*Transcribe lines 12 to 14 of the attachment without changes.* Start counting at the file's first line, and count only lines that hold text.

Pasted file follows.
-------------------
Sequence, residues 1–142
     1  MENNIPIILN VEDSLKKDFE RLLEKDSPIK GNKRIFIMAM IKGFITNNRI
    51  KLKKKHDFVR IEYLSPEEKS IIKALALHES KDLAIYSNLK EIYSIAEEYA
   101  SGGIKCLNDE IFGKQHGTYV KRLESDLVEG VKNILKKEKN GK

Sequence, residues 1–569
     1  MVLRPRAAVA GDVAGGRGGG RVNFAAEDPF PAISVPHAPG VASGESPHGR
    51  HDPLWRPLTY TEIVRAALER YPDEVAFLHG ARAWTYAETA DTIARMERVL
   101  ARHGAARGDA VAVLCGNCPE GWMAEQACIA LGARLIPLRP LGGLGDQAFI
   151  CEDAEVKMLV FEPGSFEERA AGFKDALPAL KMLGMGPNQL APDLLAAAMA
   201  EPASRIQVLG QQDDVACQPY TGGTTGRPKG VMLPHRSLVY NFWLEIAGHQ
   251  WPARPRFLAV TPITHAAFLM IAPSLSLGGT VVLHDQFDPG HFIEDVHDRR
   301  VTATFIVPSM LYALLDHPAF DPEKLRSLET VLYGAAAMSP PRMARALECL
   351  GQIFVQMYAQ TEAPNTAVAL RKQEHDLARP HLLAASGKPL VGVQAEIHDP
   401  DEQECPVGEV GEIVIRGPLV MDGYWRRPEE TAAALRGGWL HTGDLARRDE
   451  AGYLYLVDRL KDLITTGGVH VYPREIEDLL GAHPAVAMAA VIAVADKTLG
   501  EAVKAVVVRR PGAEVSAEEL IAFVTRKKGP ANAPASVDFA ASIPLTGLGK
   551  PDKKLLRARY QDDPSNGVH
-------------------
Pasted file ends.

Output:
   301  VTATFIVPSM LYALLDHPAF DPEKLRSLET VLYGAAAMSP PRMARALECL
   351  GQIFVQMYAQ TEAPNTAVAL RKQEHDLARP HLLAASGKPL VGVQAEIHDP
   401  DEQECPVGEV GEIVIRGPLV MDGYWRRPEE TAAALRGGWL HTGDLARRDE